In “The Secret Superpower of a Shared-Custody Kid,” a New York Times contributor reflects on her joint custody childhood. She explains that despite the anxiety she experienced switching from one house to another, she now understands how her parents worked hard to stay connected, and the benefits she has today from that experience. Growing up as part of two distinct households helped her develop what she describes as “real agility: a knack for adapting, switching gears, understanding the language of families, blending in.” Read more about what she learned from her joint custody childhood on the New York Times Well blog.

Child Custody and Shared Parenting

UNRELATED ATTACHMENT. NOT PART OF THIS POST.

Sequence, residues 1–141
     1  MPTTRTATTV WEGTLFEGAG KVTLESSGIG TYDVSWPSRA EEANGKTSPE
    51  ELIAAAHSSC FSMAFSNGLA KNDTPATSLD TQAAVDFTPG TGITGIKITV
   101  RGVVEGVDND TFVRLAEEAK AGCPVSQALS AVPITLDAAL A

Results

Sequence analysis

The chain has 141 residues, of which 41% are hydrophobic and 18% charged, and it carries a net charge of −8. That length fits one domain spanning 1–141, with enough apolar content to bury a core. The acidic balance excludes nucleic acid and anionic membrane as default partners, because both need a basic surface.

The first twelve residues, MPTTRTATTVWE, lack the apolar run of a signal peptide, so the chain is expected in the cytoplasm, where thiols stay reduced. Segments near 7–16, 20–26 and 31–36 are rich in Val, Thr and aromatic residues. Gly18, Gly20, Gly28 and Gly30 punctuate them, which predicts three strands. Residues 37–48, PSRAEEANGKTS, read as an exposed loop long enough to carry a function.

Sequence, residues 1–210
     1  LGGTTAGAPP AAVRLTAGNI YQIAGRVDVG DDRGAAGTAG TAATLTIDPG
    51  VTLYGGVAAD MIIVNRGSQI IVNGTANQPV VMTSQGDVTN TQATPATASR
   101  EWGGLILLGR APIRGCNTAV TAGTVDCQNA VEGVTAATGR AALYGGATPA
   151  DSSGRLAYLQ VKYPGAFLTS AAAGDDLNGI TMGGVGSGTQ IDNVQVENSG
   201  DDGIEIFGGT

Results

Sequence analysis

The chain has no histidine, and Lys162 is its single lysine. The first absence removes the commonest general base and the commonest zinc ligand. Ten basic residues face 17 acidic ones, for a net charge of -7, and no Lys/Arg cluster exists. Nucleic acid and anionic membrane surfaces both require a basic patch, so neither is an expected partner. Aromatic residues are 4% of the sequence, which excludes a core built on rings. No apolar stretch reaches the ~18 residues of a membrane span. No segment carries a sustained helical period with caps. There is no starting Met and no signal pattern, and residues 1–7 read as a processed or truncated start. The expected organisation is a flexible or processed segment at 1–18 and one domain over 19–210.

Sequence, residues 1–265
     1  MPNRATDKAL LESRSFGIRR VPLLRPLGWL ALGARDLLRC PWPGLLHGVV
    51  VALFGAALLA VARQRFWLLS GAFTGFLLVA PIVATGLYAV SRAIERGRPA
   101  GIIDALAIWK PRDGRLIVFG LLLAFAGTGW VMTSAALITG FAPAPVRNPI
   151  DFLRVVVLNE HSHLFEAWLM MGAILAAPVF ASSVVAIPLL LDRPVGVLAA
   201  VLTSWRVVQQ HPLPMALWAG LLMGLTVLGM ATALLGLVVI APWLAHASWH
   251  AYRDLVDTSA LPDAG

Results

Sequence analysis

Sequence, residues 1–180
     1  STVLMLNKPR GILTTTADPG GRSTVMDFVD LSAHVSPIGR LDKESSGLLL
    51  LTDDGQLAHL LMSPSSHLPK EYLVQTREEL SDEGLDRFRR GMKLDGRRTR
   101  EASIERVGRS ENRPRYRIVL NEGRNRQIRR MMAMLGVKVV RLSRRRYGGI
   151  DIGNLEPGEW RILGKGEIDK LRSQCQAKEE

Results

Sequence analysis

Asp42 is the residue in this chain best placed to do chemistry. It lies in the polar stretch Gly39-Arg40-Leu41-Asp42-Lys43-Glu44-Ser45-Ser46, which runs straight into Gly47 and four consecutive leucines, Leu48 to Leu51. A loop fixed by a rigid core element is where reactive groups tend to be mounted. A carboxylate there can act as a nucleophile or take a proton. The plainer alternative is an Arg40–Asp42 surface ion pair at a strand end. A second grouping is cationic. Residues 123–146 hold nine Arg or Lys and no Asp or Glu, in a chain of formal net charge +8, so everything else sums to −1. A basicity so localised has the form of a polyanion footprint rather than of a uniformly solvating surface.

child custody_divorce_siemensfamilylawgroupI used this article, Social Science and Parenting Plans for Young Children: A Consensus Report, successfully for a father in a recent child custody case.  The article is a consensus report on the merits of shared parenting.  There is an increasing body of literature – social science – on the merits of shared parenting.  This article represents the best distillation of the science on the subject that I have been able to find.  The conclusions begin on page 59, for anyone who wants to skip to the bottom line.  Every case is different, and I explore the facts of each of my cases to determine whether there is a reason to consider something other than a shared parenting relationship.  Locally, I think that is the majority approach, among my colleagues, and generally among the three judges in our Buncombe County Family Court.  Recently, I hired a local expert to read the conclusions of this article into the record of proceedings to reinforce for the Court what I believe to be the majority approach to child custody.  Whether you are a lawyer, a judge or a litigant, the time has come to think carefully about the emerging social science of child custody.  Ultimately, child custody cases are about the child’s developmental experience, which needs to include mom and dad, in equal proportion, absent unusual circumstances.